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Climate Change and Health

by Gwen Griffith, DVM, MS

CONNECTIONS
The AVE Newsletter
Vol. 3, No. 4 Spring, 1998


The forces of climate on our planet are connected to the health of the plants and animals that live here. World leaders are taking notice of this issue, as noted with the recent world summit on climate change held in Kyoto, Japan. The consensus of the world's leading scientists presented at the meetings is that climate change is occurring at an accelerated rate brought about by increasing levels of carbon dioxide in our atmosphere, trapping heat and changing our climate patterns on global scale. A very few might still argue this change could be a natural phenomenon, rather than human induced, but none would disagree that it is time we paid attention to changing climate patterns and prepare to deal with their consequences.

Findings from the Kyoto summit include information on impacts on wildlife, animal health and human health. No longer is heat stress the only topic discussed. Now, stresses to ecosystems, wildlife and domestic animals are being recognized as potential hazards as climate change unfolds. Here are just a few examples of the warning signals nature is sending out:

As caretakers to the animal kingdom, veterinarians need to be aware that climate change can bring about changes in patterns of infectious disease, parasites, vector-borne diseases, competitor species and ecological disruptions. We need to be alert to recognize these patterns as they emerge and do our part to decrease the human component of global warming with our own energy efficiency measures.

Carbon dioxide gas, the most potent greenhouse gas, is released through burning of fossil fuels such as gasoline, oil, coal and natural gas. Right now the U.S. releases about 40,000 pounds of carbon dioxide per person per year. Although our world leaders still disagree on how to go about our individual contributions to this problem: here are some simple steps you can take to do your part at home and in your clinic. Pick one simple step each month for the next year and see how much you can help and save money at the same time!


Appliances

  1. Run the dishwasher, washing machine or dryer only with a full load.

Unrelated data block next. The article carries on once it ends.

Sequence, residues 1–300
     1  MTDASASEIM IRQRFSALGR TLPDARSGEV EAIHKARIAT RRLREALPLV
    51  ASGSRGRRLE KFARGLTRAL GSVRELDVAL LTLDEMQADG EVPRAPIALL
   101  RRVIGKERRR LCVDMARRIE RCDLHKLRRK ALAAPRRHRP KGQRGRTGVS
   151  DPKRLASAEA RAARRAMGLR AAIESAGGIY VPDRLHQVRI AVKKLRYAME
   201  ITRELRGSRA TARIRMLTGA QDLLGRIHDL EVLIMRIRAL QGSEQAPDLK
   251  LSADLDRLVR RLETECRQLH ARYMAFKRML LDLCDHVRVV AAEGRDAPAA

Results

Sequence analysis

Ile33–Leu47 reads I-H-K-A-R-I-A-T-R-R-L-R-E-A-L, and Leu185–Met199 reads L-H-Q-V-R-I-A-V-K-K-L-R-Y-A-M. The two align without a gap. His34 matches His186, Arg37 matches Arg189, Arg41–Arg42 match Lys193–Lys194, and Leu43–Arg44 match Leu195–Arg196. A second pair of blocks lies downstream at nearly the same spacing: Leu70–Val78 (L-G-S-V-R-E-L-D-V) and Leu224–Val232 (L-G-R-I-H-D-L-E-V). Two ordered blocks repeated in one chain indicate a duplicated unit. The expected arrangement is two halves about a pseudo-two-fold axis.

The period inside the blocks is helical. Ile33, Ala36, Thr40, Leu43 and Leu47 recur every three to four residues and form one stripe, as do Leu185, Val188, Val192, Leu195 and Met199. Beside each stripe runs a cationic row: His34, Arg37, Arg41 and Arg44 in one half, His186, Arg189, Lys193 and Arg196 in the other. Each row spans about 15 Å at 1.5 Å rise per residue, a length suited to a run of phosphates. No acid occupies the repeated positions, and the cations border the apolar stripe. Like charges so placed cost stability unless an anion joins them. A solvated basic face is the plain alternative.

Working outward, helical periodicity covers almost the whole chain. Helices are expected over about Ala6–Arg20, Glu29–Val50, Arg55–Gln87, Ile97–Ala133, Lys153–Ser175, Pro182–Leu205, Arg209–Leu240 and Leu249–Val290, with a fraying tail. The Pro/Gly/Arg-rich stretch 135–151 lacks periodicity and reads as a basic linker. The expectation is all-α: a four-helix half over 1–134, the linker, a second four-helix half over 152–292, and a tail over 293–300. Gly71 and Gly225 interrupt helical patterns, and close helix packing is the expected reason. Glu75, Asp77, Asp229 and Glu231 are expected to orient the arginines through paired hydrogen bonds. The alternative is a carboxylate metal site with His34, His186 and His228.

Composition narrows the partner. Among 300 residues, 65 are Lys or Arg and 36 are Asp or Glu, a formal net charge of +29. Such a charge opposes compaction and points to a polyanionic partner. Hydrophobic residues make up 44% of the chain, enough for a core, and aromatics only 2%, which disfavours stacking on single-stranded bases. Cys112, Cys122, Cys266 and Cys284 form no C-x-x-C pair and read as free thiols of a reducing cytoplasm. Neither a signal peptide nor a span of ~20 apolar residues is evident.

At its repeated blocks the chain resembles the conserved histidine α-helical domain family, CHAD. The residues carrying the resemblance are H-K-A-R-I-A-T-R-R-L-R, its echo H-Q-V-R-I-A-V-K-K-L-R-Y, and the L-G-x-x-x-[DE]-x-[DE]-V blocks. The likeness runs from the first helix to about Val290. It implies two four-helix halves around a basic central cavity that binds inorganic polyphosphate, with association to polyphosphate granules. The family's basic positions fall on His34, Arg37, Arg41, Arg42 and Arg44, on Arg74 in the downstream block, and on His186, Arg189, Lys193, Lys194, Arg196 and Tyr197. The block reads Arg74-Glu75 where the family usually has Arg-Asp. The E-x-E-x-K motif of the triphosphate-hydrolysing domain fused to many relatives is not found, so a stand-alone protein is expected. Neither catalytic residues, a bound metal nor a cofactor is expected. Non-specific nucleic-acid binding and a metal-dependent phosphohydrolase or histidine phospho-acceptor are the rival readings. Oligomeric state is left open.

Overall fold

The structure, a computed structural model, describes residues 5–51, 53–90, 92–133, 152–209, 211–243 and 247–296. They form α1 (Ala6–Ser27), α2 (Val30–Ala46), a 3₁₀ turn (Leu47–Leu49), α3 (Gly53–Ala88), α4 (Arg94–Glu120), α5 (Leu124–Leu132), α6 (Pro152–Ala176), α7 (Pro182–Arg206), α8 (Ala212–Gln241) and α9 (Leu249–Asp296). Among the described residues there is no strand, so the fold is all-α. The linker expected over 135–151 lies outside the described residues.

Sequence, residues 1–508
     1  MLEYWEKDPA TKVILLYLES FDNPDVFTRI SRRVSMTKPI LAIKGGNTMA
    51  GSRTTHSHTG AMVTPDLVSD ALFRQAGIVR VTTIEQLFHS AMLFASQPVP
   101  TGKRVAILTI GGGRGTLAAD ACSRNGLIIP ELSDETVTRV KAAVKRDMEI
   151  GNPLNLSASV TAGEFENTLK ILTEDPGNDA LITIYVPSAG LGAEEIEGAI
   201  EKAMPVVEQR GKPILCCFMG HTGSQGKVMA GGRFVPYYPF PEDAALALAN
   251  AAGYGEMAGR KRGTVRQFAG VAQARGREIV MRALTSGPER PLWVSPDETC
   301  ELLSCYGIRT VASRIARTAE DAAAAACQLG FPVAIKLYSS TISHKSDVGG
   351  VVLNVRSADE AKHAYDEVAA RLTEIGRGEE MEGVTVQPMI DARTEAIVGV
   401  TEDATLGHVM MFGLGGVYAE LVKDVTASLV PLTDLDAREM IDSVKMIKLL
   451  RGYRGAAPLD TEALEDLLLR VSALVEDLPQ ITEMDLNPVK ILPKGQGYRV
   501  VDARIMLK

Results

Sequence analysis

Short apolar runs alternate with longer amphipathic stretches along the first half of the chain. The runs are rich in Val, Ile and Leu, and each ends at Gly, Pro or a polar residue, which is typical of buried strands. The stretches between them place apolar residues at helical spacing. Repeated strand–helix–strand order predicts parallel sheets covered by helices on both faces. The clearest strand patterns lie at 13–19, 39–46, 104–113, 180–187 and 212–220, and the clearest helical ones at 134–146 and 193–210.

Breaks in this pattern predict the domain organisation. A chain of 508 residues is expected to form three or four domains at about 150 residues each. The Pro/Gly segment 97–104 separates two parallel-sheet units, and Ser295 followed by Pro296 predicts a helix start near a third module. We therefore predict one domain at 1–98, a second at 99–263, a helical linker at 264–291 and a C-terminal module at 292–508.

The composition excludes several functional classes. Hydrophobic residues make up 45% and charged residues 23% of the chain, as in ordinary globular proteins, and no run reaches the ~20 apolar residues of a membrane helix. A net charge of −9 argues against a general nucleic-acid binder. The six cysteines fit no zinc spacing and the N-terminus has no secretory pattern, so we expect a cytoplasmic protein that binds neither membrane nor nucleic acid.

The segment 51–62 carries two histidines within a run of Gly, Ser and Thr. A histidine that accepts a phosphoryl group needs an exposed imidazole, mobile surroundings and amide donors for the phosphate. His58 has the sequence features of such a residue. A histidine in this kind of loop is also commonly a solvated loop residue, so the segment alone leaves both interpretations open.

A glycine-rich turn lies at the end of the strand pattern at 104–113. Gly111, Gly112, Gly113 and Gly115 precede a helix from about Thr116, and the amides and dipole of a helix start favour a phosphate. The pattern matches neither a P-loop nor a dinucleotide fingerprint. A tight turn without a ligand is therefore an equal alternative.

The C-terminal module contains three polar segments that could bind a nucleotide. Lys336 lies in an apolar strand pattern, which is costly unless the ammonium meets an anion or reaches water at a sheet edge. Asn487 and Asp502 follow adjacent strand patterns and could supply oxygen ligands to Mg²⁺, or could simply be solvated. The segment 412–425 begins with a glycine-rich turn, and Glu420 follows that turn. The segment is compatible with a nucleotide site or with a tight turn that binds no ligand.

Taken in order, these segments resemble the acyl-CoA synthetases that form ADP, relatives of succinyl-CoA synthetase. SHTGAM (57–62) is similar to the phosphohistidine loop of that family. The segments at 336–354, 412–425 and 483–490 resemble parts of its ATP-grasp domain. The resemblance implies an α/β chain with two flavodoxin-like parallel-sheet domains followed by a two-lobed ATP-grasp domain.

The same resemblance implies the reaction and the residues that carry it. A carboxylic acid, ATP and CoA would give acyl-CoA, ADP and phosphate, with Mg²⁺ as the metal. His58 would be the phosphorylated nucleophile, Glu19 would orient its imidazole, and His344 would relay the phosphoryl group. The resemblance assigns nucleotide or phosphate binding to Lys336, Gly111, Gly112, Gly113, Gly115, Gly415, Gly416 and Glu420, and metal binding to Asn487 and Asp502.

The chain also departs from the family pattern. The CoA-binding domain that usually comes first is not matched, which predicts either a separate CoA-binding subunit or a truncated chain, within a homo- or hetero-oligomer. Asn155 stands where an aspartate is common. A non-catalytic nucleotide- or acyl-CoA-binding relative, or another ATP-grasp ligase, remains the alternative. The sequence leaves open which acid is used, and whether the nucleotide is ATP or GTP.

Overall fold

Carbon dioxide reduction: 200 pounds per year
  2. Wash clothes in warm water or cold water only, not hot.
    Carbon dioxide reduction: 500 pounds per year (for 2 loads per week)
  3. Turn down your water heater thermostat (120 degrees is hot enough).
    Carbon dioxide reduction: 500 pounds per year for each 10 degree reduction
  4. Wrap your water heater in an insulating jacket.
    Carbon dioxide reduction: up to 1000 pounds per year
  5. Don't overheat or overcool rooms. Adjust thermostat lower in winter, higher in summer.
    Carbon dioxide reduction: 500 pounds per year for each 2 degree adjustment
  6. Clean or replace air filters as recommended. Clean filters save 5% of energy used.
    Carbon dioxide reduction: 175 pounds per year
  7. When you replace appliances, choose the most energy efficient model available.
    Carbon dioxide reduction: 3000 pounds per year per refrigerator replaced

    Reduce, Reuse, Recycle

  8. Reduce waste materials, buy minimally packaged goods, choose reusable products over disposable ones and recycle.
    Carbon dioxide reduction: 1000 pounds per year if you cut your waste by 25%
  9. Make sure your car air conditioner, coolant, tires and oil are recycled when serviced.
    Equivalent carbon dioxide reduction: thousands of pounds
  10. Recycle materials in the workplace and community.
    Carbon dioxide reduction: 4 pounds per every pound of office paper recycled

    Getting Around

  11. Whenever possible, walk, bike, carpool or use mass transit.
    Carbon dioxide reduction: 20 pounds for every gallon of gasoline saved
  12. When you buy a car, choose one with good gas mileage.
    Carbon dioxide reduction: 2500 pounds per year for each 10 mpg improvement

    Home/Clinic Improvements

  13. Insulate your walls and ceilings, this can save about 25% on heating/cooling bills.
    Carbon dioxide reduction: up to 2000 pounds per year
  14. When replacing windows, install the best energy-saving models.
    Carbon dioxide reduction: up to 10,000 pounds per year
  15. Plant trees next to your buildings and paint it a light color in warm climates, or dark in cold climates.
    Carbon dioxide reduction: about 5000 pounds per year
  16. Caulk and weather-strip around doors and windows to plug air leaks.
    Carbon dioxide reduction: up to 1000 pounds per year
  17. Ask your utility company for an energy efficiency audit.
    Carbon dioxide reduction: potentially thousands of pounds per year
  18. Buy energy efficient compact fluorescent light bulbs for your most used lights.
    carbon dioxide reduction: 500 pounds per year for each frequently used light bulb replaced

| GOALS | ACTIVITIES | FACTS & CONCERNS | EDUCATIONAL PROGRAMS |
| CAREER TOOLS | JOB OPENINGS | FACT SHEETS |
| AMPHIBIANS AS SENTINELS | CLIMATE AND HEALTH | NEWSLETTER EXCERPTS |
| ANNUAL REPORT | MEETING REPORT | MEMBERSHIP |
| RELATED SITES | HOME |

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